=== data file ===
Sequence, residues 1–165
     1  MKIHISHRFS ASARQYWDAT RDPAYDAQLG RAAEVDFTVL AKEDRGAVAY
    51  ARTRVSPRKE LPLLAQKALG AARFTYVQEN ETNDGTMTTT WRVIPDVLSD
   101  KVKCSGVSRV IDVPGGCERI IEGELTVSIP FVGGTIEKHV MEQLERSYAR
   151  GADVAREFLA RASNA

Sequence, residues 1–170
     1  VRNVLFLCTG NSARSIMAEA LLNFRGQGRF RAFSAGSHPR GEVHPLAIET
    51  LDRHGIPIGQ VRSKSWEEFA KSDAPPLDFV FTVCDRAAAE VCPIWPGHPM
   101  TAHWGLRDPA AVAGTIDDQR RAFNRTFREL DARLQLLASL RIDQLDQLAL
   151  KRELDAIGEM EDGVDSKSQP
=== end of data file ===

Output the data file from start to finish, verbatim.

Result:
Sequence, residues 1–165
     1  MKIHISHRFS ASARQYWDAT RDPAYDAQLG RAAEVDFTVL AKEDRGAVAY
    51  ARTRVSPRKE LPLLAQKALG AARFTYVQEN ETNDGTMTTT WRVIPDVLSD
   101  KVKCSGVSRV IDVPGGCERI IEGELTVSIP FVGGTIEKHV MEQLERSYAR
   151  GADVAREFLA RASNA

Sequence, residues 1–170
     1  VRNVLFLCTG NSARSIMAEA LLNFRGQGRF RAFSAGSHPR GEVHPLAIET
    51  LDRHGIPIGQ VRSKSWEEFA KSDAPPLDFV FTVCDRAAAE VCPIWPGHPM
   101  TAHWGLRDPA AVAGTIDDQR RAFNRTFREL DARLQLLASL RIDQLDQLAL
   151  KRELDAIGEM EDGVDSKSQP